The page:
MINSK, May 26. /TASS/. Ryanair's passenger plane was denied permission to land in Vilnius, Warsaw, Lvov and Kiev after a bomb threat message, Belarusian President Alexander Lukashenko said in parliament at a meeting with legislators, Constitutional Commission members and representatives of government agencies on Wednesday.
"Why did the crew's commander make a decision to land in Minsk at a time when Vilnius was a mere 70 kilometers away?" the daily "SB. Belarus Segodnya" quotes Lukashenko as saying. "Why did nobody agree to let the plane land when we said there had been threats of a bomb planted on board? It was rejected by all - its final destination Vilnius, Warsaw, Lvov and Kiev. How come all those who are now making such a fuss refused to accommodate the plane? Were they afraid of responsibility? Or was there somebody very eager to see the plane land in Minsk?"
Bomb threats against the Ryanair plane were sent to Athens, Vilnius and Minsk airports simultaneously, Lukashenko told.
"The message was sent to the airports of Athens, Vilnius and Minsk simultaneously," he said. "We have conveyed this information to the pilots and we had to make it public."
On May 23, a Vilnius-bound passenger plane of the Irish low-cost airline Ryanair that left Greece made an emergency landing at Minsk International Airport following a reported threat that there was an explosive device on board. A MiG-29 fighter was scrambled to escort the airliner. After landing, specialists searched the plane but found no bomb.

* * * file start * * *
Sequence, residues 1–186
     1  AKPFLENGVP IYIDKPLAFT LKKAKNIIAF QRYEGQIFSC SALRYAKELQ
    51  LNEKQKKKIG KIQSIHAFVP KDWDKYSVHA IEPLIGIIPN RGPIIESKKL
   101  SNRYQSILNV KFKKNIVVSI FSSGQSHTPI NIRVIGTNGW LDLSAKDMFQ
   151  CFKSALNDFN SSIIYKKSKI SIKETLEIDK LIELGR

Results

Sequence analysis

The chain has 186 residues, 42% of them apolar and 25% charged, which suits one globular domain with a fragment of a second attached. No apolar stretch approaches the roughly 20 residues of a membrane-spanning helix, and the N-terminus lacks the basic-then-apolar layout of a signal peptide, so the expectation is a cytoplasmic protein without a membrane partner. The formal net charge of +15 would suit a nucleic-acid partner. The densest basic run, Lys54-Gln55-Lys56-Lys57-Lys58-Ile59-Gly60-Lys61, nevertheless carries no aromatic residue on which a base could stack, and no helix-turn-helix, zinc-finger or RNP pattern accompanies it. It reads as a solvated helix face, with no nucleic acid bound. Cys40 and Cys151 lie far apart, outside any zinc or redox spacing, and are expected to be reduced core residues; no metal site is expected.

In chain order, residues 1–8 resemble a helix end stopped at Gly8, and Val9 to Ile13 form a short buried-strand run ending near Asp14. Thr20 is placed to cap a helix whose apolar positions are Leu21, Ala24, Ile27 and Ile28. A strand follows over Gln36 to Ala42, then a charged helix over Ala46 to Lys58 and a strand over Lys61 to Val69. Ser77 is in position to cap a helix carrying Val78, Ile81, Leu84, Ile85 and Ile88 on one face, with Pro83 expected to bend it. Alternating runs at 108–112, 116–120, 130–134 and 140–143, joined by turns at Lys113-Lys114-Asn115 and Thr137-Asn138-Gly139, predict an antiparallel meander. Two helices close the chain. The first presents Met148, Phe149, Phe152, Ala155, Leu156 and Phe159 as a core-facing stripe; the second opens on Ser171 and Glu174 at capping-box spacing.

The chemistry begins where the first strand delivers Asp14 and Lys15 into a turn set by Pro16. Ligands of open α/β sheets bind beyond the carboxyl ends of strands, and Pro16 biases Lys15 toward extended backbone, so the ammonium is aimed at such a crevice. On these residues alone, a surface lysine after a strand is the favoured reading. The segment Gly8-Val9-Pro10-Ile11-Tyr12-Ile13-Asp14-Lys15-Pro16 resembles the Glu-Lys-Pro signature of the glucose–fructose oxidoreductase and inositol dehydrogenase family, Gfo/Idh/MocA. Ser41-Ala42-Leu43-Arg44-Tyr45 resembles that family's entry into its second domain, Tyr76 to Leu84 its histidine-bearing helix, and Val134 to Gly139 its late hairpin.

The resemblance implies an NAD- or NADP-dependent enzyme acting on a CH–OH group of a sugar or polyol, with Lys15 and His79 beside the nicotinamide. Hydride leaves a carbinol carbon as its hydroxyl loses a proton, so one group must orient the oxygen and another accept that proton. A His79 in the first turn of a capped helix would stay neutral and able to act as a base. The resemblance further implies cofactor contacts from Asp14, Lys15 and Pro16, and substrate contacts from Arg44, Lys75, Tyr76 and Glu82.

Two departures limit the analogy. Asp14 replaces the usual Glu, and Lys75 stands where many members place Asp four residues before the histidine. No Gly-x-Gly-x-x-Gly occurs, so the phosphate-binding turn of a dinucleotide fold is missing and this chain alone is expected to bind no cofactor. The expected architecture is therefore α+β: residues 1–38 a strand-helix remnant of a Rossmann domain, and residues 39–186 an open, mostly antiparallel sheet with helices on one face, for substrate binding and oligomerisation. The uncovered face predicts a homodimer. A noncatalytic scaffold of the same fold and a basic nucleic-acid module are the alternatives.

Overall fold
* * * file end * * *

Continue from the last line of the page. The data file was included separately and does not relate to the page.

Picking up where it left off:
Minsk later said that among the plane's passengers was Roman Protasevich, a co-founder of the Telegram channel Nexta, outlawed in Belarus as extremist. He was detained by law enforcement agents. In the evening of the same day the plane left Minsk to land in Vilnius.
On Monday, the EU leaders made a decision to prohibit Belarusian air carriers from flying to European airports and through the EU airspace and advised the European air carriers to avoid entering Belarusian airspace. Also, the EU summit hurried to introduce new sanctions on Belarus, demanded Protasevich's release and urged the International Civil Aviation Organization to investigate the incident. European Commission President Ursula von der Leyen told the final news conference the incident was a "hijacking" and an "attack on the European Union's democracy and sovereignty".